Students Run Philly Style
Development and Marketing Coordinator
The general goal of the Fellow will be to assist Students Run Philly Style in raising funds and increasing awareness of the program. All of the Fellows’ efforts will contribute to the overall goal of Students Run Philly Style, by providing the program with the financial support needed to continue the program’s services providing mentorship and marathon training to Philadelphia’s at-risk youth.
Agency Mission Students Run Philly Style is the only program in Philadelphia that offers marathon training to help youth succeed in life. We do this by connecting students with adult mentors who help them imagine and accomplish goals beyond their dreams, including the completion of a marathon.
Address 123 South Broad Street, 18th Floor; Phildelphia, PA 19102
Total number of Agency Staff Members 3
Agency Budget $643,147
Please state in measurable and quantifiable terms the specific community need that the Philly Fellow will address
Youth participants in Students Run Philly Style are from virtually every zip code in Philadelphia but are concentrated in neighborhoods most deeply affected by poverty, including West Philadelphia, North Philadelphia, Kensington, Germantown and the lower Northeast. In the 2011 season, 650 students particapted from 50 sites. In Philadelphia, a disproportionately high number of youth are underserved, under-resourced, and unaware of their capacity for success. Additionally, Philadelphia is home to neighborhoods with some of the highest rates of poverty, obesity, heart disease, violent crime, and school dropout in the state. Philadelphia’s youth need access to resources that can help fulfill their needs in three areas: Health, Violence and School Performance/Attendance. Health: In Philadelphia, an astounding 46 percent of children from the Students Run Philly Style target area are obese or at risk of obesity, and 15.2 percent of youths are at or above the 95th percentile for body mass index (BMI) by age and gender—significantly higher than the national average. Young Philadelphians also outrank their peers by reporting that almost 51 percent watch three or more hours of television per average school day while 76 percent report not attending physical education classes on a daily basis. Violence: 45 percent of Philadelphia youths reported having been in a physical fight in the previous year, 10 percent higher than the national average. Close to 10 percent reported that they had skipped school at least once in the previous 30 days because of feeling unsafe at school or en route to school. While violent crime has decreased slightly in recent years, the numbers, especially for youth, are still shockingly high. Between January 1 and May 18, 2007, there were 648 shootings in Philadelphia. More than half of the victims were less than 26 years old, and 72 of the victims were 17 or younger. On average, one Philadelphia youth was shot every two days during this time period. School Performance/Attendance: Between 2006 and 2008, 21 percent of Philadelphians over 25 years of age were high school dropouts. And in the 2005-2006 school year, only 57.4 percent of youths graduated from high school in four years. For that same class of students, the combined SAT math and reading score, which is a good indicator of preparedness for college, fell to its lowest point in a decade, dropping 58 points from the 1996-97 school year.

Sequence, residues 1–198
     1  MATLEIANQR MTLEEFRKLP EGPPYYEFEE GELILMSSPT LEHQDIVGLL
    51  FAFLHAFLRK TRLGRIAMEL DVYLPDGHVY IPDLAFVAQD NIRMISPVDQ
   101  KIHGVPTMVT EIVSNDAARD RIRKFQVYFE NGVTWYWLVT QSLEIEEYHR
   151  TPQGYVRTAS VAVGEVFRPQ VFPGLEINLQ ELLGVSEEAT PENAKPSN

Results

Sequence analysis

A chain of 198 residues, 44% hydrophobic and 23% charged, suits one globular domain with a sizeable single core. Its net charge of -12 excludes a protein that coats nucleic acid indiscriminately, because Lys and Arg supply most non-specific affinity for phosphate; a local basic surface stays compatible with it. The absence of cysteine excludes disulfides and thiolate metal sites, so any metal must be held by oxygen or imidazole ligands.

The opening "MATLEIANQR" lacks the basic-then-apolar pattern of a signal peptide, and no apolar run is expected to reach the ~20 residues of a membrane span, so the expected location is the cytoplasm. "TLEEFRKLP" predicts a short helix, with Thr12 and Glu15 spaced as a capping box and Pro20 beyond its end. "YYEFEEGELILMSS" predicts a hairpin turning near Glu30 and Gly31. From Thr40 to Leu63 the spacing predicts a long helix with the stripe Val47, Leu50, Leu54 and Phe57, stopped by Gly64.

Describe how your agency addresses this need, and how the new capacity created by this fellow will help alleviate the problem
Students Run Philly Style, the only program of its kind in Philadelphia, has been serving at-risk and underserved youths from across the city for six years. The program’s mission is to pair teams of youths with dependable adult mentors who meet three to four days per week in pursuit of a common goal: the completion of a marathon. Built on a mentorship model that emphasizes the translation of running skills to life skills, Students Run Philly Style helps youths develop positive relationships with adult mentors, learn to make safe choices, set and achieve attainable goals, and live a healthy lifestyle. In its seven years, the program has served more than 2,500 students and has shown consistently outstanding outcomes, such as decreased BMI, increased self-esteem, and improved concentration in school as determined by self-report via pre- and post-season surveys. Surveys Report: • The self-esteem, goal-setting and discipline our youth learn through running translates into improved performance in the classroom. • Students Run addresses childhood obesity by getting students off the couch and into a healthy lifestyle. • Students Run combats soaring youth violence by providing students with a safe after-school activity led by strong adult role-models in the form of our running leaders. With the chief responsibility of development and marekting, the Fellow will expand Students Run Philly Style’s capacity to serve its constituents by securing funding from both previously committed and new corporations, foundations and individuals and by increasing the program’s visibility to these same groups as well as take the lead on marketing initiatives to the general public. The Fellow will help Students Run Philly Style solidify and refine its fundraising and communication efforts, helping the program to achieve sustainability and continue to deliver services to Philadelphia youth as well as lead marketing efforts including but not limited to tradational and social media.